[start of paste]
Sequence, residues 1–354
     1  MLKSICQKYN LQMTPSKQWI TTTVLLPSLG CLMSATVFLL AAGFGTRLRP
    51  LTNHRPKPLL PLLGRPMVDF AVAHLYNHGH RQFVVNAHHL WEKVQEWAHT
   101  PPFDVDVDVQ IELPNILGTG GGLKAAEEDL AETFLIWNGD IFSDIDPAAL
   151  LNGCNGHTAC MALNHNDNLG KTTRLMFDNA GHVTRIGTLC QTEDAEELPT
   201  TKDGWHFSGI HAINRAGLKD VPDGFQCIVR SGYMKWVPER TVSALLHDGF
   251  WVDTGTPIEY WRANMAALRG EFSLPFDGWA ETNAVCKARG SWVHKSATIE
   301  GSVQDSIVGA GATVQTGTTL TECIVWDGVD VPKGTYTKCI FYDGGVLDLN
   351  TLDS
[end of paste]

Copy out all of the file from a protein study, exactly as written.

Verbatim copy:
Sequence, residues 1–354
     1  MLKSICQKYN LQMTPSKQWI TTTVLLPSLG CLMSATVFLL AAGFGTRLRP
    51  LTNHRPKPLL PLLGRPMVDF AVAHLYNHGH RQFVVNAHHL WEKVQEWAHT
   101  PPFDVDVDVQ IELPNILGTG GGLKAAEEDL AETFLIWNGD IFSDIDPAAL
   151  LNGCNGHTAC MALNHNDNLG KTTRLMFDNA GHVTRIGTLC QTEDAEELPT
   201  TKDGWHFSGI HAINRAGLKD VPDGFQCIVR SGYMKWVPER TVSALLHDGF
   251  WVDTGTPIEY WRANMAALRG EFSLPFDGWA ETNAVCKARG SWVHKSATIE
   301  GSVQDSIVGA GATVQTGTTL TECIVWDGVD VPKGTYTKCI FYDGGVLDLN
   351  TLDS